SEATS AT THE TABLE

Why Matthew McConaughey and Will.i.am "frequently" attending Salesforce meetings matters

Activist investors are sharpening swords in readiness for a battle over the company's future.
Will.i.am at a Gates Foundation meeting.
Will.i.am at a Gates Foundation meeting.
Photo: Elizabeth Shafiroff (Reuters)
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We’re living through another era of vicious battles between corporate management of publicly traded firms and activist investors with strong opinions about how those companies should be run differently.

A recent account of the situation at cloud software company Salesforce, where a combination of meteoric growth and lackluster profit has tempted activist investors to pounce, included the detail that celebrities are “frequently” invited to be part of high level company meetings—a practice that might be taken to suggest a certain kind of frivolousness. As such, it seems to back up the accusation, which has often been leveled at Salesforce CEO Marc Benioff, that he has become “distracted” by celebrity friendships, philanthropy, and other pursuits aside from increasing Salesforce’s stock price.

Where does such a detail come from? Matthew McConaughey is a “brand partner,” and starred in a 2022 Super Bowl ad to promote Salesforce’s TeamEarth initiative designed to improve business practices, particularly around the environment. Will.i.am’s tech business received Salesforce funding back in 2017 and he’s appeared onstage at Salesforce events and in videos online. But do either of them belong at meetings?

The “person familiar with the company” who told the Financial Times that the celebrities were “frequently involved in strategy discussions” there probably didn’t think so, hence leaking the names to the press. In a struggle for credibility and, ultimately, control of a $150 billion company, it’s not a crazy guess that the people who did the leaking were themselves among the activist investors keen that Benioff appear as an ineffective leader.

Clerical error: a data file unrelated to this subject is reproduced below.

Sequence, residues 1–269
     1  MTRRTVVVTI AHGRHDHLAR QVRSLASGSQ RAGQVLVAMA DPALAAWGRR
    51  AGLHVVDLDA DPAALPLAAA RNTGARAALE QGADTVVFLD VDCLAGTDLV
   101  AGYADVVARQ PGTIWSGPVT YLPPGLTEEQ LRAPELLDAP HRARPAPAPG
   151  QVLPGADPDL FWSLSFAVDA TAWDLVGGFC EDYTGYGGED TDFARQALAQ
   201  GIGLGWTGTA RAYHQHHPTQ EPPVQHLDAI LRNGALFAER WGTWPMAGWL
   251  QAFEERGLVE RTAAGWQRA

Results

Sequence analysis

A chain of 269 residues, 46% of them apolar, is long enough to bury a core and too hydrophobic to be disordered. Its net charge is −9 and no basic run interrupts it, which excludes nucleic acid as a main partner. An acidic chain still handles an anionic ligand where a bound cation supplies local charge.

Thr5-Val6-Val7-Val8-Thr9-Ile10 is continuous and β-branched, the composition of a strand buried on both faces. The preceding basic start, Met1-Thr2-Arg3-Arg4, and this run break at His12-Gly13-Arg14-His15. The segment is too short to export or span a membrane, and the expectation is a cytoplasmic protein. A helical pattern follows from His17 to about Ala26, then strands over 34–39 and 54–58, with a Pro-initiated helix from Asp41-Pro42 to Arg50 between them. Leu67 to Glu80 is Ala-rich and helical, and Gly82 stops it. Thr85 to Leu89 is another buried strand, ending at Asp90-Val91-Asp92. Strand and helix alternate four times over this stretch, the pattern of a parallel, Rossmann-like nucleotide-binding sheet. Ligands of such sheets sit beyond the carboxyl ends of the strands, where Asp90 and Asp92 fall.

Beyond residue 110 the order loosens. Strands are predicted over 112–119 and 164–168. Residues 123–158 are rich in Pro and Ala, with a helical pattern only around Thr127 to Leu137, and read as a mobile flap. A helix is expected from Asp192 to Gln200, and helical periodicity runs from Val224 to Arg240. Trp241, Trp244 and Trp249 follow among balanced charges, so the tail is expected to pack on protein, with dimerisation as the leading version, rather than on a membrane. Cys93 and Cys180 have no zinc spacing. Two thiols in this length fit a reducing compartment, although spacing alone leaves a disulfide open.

Activist investors weigh in

Salesforce has had a mixed few years. On the one hand, it has seen huge revenue growth, which Benioff is said to have prioritized over profits: The FT reports that sales leapt from $8 billion in 2017 to an estimated $31 billion in 2022, but profits have risen less dramatically. Salesforce has also made expensive, high-profile acquisitions like when it bought Slack, the workplace collaboration platform, in December 2020. In recent months, three well-known activist investors—Elliott Management, Starboard Capital, and Jeff Ubben via Inclusive Capital—have built up large stakes in the business.

Shareholders often argue that, while they have a responsibility to help companies run well and make money, they don’t want to “micromanage” business leaders. Activist investors are a different breed, however, often buying up big parcels of a company’s shares quickly with a view to exerting pressure on certain areas of the business, or pushing for leadership change.

Whatever Matthew McConaughey and Will.i.am were doing in those Salesforce meetings, the fact we know they were there suggests Salesforce founder Marc Benioff, sole CEO once more after a short stint as co-head of the company, is going to have a fight on his hands.